On one hand you want your children to start gaining some independence, but on the other, you’re fully aware of all the potential dangers to your child’s safety.
A lot has changed since the latch key generation of the 1970s and 1980s, and there are laws around whether children can be left alone.
As Lawyer Lisa Flynn recently wrote for News.com.au, Queensland is the only state that specifies that a child must not be left alone if they are under the age of 12.
With seven kids living under her roof, Dr Ginni has found some creative ways to raise them.
The Queensland Criminal Code, section 364a, under the title “Leaving a child under 12 unattended,” stipulates “that a person who, having the lawful care of a child under 12 years, leaves the child for an unreasonable time without making reasonable provision for the supervision and care of the child during that time, commits a misdemeanour.”
If found guilty of breaking this law, the punishment carries a maximum penalty of three years’ imprisonment.
The laws in other states don’t name an age when it’s a appropriate to leave your child alone, but they do state that parents are expected to provide their children with adequate safety and supervision and must act.
If something was to happen to your child while they were left unsupervised the courts will have to determine whether the considerations for your child’s safety appear ‘reasonable’, otherwise you could be breaking the law.
If your child is walking to school by themselves, the court would look at the age of the child, the distance they travel, how often they’ve gone on that walk, and the time of the day, to determine reasonableness.
If you leave your child with an older sibling who is under the age of 18, the test of reasonableness would still apply, and depending on the older child’s maturity levels and capacity to care, a parent can still be found negligent.
Age also plays a role - it may be reasonable to leave a 10-year-old home alone while you duck out to the shops, but if you did the same with a three-year-old, that would be considered negligent.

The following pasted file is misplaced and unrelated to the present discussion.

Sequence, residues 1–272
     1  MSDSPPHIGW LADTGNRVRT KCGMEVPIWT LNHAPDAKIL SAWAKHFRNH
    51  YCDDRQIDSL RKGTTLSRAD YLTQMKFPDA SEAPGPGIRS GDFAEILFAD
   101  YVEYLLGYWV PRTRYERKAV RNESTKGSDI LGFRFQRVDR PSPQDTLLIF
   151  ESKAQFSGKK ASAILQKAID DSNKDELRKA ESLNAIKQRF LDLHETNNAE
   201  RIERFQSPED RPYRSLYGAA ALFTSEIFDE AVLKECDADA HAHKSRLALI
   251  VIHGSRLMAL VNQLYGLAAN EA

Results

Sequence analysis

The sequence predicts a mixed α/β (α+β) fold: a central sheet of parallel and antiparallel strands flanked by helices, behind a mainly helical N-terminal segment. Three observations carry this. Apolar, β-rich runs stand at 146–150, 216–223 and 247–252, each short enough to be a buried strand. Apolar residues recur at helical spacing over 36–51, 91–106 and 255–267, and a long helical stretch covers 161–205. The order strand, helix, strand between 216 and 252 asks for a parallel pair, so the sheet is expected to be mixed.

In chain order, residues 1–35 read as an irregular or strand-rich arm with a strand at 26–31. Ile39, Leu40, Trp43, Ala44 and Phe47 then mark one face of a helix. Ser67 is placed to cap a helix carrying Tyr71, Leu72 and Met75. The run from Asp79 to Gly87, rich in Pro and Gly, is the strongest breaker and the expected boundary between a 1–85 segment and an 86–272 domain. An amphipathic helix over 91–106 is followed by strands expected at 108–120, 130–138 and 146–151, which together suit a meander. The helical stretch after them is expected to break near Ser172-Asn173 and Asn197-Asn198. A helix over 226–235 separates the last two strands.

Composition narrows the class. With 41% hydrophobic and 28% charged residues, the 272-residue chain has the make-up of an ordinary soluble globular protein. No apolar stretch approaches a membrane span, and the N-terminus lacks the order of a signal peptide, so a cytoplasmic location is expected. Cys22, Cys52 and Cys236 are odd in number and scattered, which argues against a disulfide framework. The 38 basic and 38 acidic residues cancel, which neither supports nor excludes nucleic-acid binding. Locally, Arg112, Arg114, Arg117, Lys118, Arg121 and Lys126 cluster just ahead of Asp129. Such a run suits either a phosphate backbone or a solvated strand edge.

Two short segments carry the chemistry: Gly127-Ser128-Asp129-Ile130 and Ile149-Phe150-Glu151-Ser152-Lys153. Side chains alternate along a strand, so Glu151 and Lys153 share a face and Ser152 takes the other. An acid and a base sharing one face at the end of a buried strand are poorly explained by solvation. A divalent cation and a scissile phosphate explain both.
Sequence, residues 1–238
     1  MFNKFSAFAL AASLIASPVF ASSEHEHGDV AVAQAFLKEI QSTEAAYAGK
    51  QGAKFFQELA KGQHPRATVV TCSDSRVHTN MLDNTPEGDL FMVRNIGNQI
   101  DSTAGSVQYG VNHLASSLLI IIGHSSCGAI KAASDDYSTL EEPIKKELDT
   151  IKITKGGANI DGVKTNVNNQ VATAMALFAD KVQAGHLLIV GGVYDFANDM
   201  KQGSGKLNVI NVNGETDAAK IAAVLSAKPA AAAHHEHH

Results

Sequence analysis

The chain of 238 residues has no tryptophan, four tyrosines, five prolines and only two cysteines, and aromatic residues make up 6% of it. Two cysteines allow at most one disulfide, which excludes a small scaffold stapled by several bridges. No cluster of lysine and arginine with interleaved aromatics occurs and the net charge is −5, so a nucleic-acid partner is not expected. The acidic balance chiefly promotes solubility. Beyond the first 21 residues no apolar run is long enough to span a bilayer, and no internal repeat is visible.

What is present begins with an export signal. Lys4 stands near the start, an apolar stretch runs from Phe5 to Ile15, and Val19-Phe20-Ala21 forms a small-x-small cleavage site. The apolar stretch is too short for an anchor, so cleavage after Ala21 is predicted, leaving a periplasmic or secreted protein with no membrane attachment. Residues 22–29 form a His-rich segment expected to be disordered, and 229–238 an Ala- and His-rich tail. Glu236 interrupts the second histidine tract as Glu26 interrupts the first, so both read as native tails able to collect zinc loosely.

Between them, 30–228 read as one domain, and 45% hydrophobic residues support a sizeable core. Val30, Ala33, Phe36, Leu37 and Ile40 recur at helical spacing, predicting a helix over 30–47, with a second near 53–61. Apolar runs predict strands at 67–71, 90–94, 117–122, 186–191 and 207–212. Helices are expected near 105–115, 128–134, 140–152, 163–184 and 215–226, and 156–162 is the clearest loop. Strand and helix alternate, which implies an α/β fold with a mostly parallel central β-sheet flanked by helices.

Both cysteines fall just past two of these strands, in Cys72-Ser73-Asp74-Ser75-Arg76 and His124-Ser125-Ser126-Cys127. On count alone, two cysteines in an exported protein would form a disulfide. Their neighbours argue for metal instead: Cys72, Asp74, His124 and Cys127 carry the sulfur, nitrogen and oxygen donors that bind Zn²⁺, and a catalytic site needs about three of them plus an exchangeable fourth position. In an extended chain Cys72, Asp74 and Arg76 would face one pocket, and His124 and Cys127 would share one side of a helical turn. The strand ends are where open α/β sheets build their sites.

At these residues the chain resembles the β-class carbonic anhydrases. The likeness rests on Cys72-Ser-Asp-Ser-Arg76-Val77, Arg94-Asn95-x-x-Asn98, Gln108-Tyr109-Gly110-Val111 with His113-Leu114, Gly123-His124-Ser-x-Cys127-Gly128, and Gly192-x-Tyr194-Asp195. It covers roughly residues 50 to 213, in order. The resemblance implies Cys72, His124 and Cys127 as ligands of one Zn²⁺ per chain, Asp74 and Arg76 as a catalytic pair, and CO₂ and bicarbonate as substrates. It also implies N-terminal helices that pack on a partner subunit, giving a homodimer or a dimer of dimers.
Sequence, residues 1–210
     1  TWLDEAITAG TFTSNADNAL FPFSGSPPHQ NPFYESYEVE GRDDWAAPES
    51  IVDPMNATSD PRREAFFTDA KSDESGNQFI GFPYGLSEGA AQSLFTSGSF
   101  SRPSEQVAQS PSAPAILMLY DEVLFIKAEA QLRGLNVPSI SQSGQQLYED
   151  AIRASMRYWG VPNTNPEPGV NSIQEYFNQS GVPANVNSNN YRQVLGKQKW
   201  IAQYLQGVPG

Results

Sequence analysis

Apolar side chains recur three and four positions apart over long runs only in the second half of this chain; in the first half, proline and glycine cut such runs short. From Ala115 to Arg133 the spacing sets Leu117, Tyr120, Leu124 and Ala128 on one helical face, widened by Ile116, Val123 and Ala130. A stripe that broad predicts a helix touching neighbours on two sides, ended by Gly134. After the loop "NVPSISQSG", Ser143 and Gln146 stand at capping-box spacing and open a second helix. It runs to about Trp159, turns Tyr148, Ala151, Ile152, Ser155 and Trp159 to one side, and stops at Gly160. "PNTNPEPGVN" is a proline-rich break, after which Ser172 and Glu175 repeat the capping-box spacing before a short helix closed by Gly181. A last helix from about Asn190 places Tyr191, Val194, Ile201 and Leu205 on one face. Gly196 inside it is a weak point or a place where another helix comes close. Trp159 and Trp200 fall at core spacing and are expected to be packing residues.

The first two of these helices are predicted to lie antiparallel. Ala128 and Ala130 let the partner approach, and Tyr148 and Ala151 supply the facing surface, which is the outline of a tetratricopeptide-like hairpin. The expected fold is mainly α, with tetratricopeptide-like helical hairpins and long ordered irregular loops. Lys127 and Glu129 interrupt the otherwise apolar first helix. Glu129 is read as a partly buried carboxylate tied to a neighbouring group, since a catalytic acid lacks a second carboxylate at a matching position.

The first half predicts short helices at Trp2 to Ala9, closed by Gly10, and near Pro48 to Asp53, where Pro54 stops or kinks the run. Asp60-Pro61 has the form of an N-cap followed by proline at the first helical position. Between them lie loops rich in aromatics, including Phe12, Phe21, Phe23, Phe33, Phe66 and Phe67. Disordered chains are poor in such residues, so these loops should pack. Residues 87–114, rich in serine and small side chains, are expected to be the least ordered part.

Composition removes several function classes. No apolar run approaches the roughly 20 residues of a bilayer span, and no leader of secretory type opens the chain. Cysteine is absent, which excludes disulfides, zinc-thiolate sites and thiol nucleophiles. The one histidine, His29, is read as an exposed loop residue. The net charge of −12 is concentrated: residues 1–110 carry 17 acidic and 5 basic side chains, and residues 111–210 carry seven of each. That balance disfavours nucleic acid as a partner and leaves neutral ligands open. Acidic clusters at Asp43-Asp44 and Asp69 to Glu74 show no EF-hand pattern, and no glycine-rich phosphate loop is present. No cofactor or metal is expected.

So it's up to the parents to make a common sense judgement about whether they should leave their children unsupervised.
However, parents do disagree on what's common sense and what's reasonable.
As Mamamia previously reported, last year Mumsnet user Selly24, asked the forum whether they would ever leave their children at home while they ran an errand. She said her friend’s five-year-old often wakes up to find her mother is out and becomes upset.
This sparked a heated debate with parents falling on both sides of the argument.
One mother said she used to leave her five-year-old home alone while she ran an errand.
“I'm not a neglectful parent. I would never have left her asleep to wake up on her own. I'd tell her where I was going and how long I'd be. She's now still alive at eight and I am happy to leave her for longer periods. She's a sensible child," she wrote.
While others disagreed and thought she was being neglectful.
"People know their children and we need to remember there are children that young in other countries fending entirely for themselves. Neglect and abuse? No, potentially negligent? Yes, ever so slightly,” a commenter added.
"'I did it and my child is alive' is merely a sign of poor parenting," said another.
Six kids and no sleep: the life of Dr Ginni Mansberg.
While another parent argued that she spent more time at the washing line and that wasn't considered neglect.
“I leave my six and eight-year-old in the house. Front door is locked. I leave back door open so they can find me. I could have an accident. I could have an accident or die with them in the house. My kids go upstairs and play or out in the garden. I don't have CCTV on them, nor do I check them every five minutes. Do people not do that? What I do see is parents in parks etc ignoring their kids cos they are more interested in their phone. I think that's neglect.”
At what age would you leave your children unsupervised?